This article describes an easy way to set up system-wide global API hooks. It uses AppInit_DLLs registry key for DLL injection and Mhook library for Windows API hooking. To illustrate this technique we will show how to easily hide calc.exe from the list of running processes.
Leader of Driver Team
1.1. What is API hooking?
1.2. Local and global API hooks
2. AppInit_DLLs infrastructure
3. Mhook library
4. Writing the code
4.1. Original function
4.2. Hooked function
4.3. Setting the API hook
5. Running the API hooking example
7. Useful references
API hooking means intercepting some API function calls. By means of it you can alter the behavior of any software or system. Hooks are widely used by antiviruses, security applications, system utilities, programming tools, etc.
There are two types of API hooks: local and global ones. Local hooks are applied only to the specific application. Global hooks are applied to all processes in the system. The Windows hook technique, which is shown in this article, is global and impacts on all processes in all sessions (in contrast to the
SetWindowsHooks way that is bounded to the specific desktop).
AppInit_DLLs infrastructure is a mechanism for loading a custom list of DLLs in all user-mode processes which are linked with User32.dll (actually, there are very few executables that are not linked with it). The DLLs are loaded by User32.dll on its initialization (and thus injected into corresponding processes).
The behavior of the
AppInit_DLLs infrastructure is configured by a set of values that are stored under the
HKEY_LOCAL_MACHINE\SOFTWARE\Microsoft\Windows NT \CurrentVersion\Windows key in the registry. These registry values are described in the table:
|Value that globally enables or disables AppInit_DLLs.||0x0 – AppInit_DLLs are disabled.|
0x1 – AppInit_DLLs are enabled.
|Space - or comma -separated list of DLLs to load. The complete path to the DLL should be specified using short file names.||C:\PROGRA~1\Test\Test.dll|
|Require code-signed DLLs.||0x0 – Load any DLLs.|
0x1 – Load only code-signed DLLs.
Table 1 - AppInit_DLLs Infrastructure registry values.
There are several libraries for API hooking. The typical things that they do are:
- Overwriting the beginning of the target function with custom code (so-called trampoline). When the function executes it will jump to the hook handler.
- Storing overwritten original code of the target function somewhere. It is needed for the correct target function functioning.
- Restoring overwritten portion of the target function.
Mhook is a free open source library for api hooking. It supports both 32-bit and 64-bit platforms and it is very easy in use. Mhook interface is simple and quite self describing:
For more info on library usage see the code sample shown in the next paragraph or visit Mhook home page.
We are going to write a user-mode DLL in C++. First, you should download the latest Mhook sources and add it to the project. If you are using precompiled headers turn it off for Mhook files.
As I’ve mentioned above, our example will hide the calc.exe from the list of running processes. This will illustrate how to create and inject DLL into a process to set up global API hook.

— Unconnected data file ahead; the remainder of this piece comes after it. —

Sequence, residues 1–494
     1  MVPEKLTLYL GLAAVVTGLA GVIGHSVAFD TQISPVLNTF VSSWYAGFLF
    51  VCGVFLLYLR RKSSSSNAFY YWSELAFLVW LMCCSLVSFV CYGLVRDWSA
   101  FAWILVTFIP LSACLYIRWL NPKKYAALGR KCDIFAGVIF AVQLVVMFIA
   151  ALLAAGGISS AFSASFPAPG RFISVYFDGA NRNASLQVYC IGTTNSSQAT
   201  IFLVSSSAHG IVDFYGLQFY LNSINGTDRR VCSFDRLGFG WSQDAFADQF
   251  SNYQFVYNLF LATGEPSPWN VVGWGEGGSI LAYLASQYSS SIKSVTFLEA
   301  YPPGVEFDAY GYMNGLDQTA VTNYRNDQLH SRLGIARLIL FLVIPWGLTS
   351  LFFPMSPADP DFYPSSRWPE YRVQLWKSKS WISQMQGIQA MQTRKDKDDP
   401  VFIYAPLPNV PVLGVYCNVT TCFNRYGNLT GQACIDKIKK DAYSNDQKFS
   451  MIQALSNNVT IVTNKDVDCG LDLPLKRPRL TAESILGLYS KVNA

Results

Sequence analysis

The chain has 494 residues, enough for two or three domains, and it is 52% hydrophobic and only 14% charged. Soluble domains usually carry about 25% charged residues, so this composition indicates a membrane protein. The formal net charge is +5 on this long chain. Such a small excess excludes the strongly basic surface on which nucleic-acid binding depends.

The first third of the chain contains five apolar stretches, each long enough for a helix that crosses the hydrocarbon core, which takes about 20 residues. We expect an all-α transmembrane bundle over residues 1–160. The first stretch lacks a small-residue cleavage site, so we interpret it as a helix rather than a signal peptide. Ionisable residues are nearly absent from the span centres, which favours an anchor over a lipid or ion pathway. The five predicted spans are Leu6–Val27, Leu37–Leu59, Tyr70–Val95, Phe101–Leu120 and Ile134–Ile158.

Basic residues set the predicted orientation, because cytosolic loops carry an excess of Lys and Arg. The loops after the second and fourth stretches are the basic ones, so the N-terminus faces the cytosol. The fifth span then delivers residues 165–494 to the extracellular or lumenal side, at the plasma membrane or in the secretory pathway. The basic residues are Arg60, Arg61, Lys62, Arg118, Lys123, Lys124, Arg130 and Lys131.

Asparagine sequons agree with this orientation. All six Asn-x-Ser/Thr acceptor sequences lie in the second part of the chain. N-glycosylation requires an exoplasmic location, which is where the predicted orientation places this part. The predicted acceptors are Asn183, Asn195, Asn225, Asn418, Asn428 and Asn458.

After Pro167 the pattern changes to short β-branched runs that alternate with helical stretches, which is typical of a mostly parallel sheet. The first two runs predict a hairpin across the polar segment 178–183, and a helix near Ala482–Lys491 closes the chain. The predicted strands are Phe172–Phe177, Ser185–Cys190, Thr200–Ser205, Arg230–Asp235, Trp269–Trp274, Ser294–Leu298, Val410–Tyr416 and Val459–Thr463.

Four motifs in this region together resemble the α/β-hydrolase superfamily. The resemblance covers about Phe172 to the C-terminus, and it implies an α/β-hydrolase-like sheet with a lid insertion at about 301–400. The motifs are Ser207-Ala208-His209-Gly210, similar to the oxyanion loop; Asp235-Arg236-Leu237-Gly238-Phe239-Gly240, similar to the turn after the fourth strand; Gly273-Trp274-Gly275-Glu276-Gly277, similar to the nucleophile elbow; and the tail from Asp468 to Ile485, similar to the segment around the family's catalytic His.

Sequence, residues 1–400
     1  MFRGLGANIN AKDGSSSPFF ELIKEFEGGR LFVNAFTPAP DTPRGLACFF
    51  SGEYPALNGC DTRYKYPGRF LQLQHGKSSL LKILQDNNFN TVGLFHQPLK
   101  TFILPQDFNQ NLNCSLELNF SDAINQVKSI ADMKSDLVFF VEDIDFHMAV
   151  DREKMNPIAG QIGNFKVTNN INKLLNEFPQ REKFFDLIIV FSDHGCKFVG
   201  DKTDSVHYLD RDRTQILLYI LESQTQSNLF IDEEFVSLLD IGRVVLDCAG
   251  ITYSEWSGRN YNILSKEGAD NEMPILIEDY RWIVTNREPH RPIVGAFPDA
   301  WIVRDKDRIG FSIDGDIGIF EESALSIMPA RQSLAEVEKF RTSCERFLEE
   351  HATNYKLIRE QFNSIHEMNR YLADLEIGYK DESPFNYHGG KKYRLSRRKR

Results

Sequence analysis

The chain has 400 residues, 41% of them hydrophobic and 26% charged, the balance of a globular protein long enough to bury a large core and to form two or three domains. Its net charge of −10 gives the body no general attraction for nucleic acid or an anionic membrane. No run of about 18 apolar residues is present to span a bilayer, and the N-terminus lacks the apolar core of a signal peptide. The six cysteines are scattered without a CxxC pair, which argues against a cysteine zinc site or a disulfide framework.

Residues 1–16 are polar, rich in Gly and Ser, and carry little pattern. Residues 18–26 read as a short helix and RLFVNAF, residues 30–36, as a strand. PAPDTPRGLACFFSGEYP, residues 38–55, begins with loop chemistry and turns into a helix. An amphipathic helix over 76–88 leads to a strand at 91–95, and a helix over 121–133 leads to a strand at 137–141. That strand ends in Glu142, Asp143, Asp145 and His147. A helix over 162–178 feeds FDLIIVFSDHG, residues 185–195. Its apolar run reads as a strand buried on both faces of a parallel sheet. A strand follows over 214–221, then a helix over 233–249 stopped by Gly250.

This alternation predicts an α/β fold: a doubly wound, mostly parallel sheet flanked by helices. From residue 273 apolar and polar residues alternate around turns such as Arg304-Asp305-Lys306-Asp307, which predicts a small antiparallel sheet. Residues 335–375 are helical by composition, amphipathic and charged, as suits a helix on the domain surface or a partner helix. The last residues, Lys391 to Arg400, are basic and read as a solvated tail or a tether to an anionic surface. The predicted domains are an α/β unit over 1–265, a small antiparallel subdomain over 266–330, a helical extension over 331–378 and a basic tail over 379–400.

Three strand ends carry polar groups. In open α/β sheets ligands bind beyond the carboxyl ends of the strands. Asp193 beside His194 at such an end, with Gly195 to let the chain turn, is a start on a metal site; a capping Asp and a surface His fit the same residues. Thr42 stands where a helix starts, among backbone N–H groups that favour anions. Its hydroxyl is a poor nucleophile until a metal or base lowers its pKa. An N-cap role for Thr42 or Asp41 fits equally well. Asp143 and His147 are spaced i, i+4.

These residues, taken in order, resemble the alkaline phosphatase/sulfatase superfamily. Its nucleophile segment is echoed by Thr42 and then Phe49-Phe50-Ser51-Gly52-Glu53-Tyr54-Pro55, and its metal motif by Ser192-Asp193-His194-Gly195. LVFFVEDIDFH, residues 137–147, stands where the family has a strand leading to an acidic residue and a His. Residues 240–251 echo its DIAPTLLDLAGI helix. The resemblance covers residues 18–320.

The list of running processes is queried by calling NTAPI function
NtQuerySystemInformation. So, we need to add some NTAPI stuff to our project. Unfortunately winternl.h header doesn’t contain full information and we have to define required data types ourselves:
To store original function address, we create a global variable and initialize it:
In the hooked function, we call the original function first. Then check
SystemInformationClass. If it is
SystemProcessInformation we loop through the list of the running processes and find all entries for calc.exe to cut them out from the list. That’s all!
Note: This function must have the same signature as the original one.
Setting the hook is pretty easy: call
DllMain when the DLL is loaded to a new process:
Unhooking is performed by calling
DllMain when the DLL is unloaded from the process:
Now it’s time to show the described hook in action. Build the project and put the resulting AppInitHook.dll to the root of the disk C.
Figure 1 - The hook DLL is put to the root of the disk C.
Open the registry editor and locate
AppInit_DLLs registry key (The key is
HKEY_LOCAL_MACHINE\SOFTWARE\Microsoft\Windows NT \CurrentVersion\Windows). Then specify the path to the DLL hook (C:\AppInitHook.dll in our case).
Figure 2 – Modifying the registry.
After the registry has been modified, the hook starts working. Let’s run a few instances of calc.exe. Then open Windows Task Manager and look at the processes tab. There is no calc.exe at all!
Figure 3 - Windows Task Manager processes tab.
Let’s see what shows another popular tool written by Mark Russinovich - Process Explorer.
Figure 4 - Process Explorer shows no calc.exe.
All calc.exe instances are hidden successfully. And finally run command line tool tasklist.exe:
Figure 5 - Tasklist.exe listing of the running processes.
The hook is working!
There are a few limitations of this hook method you should know about:
- As it was mentioned before this hook is applied only to those processes that are linked to User32.dll.
- As DLL hooking is performed in
DllMainof User32.dll you can call functions only from Kernel32.dll and Ntdll.dll (other libraries are not initialized yet).
- Windows7/Windows 2008 R2 introduce the new security feature – AppInit DLLs have to be digitally signed (however there is a registry key that can turn this feature off).
- The file path to AppInit DLL must not contain spaces.
- Working with the AppInit_DLLs registry value
- AppInit DLLs in Windows 7 and Windows Server 2008 R2
- API hooking revealed
- Mhook, an API hooking library, v2.2
- Microsoft Research's Detours
- DllMain Callback Function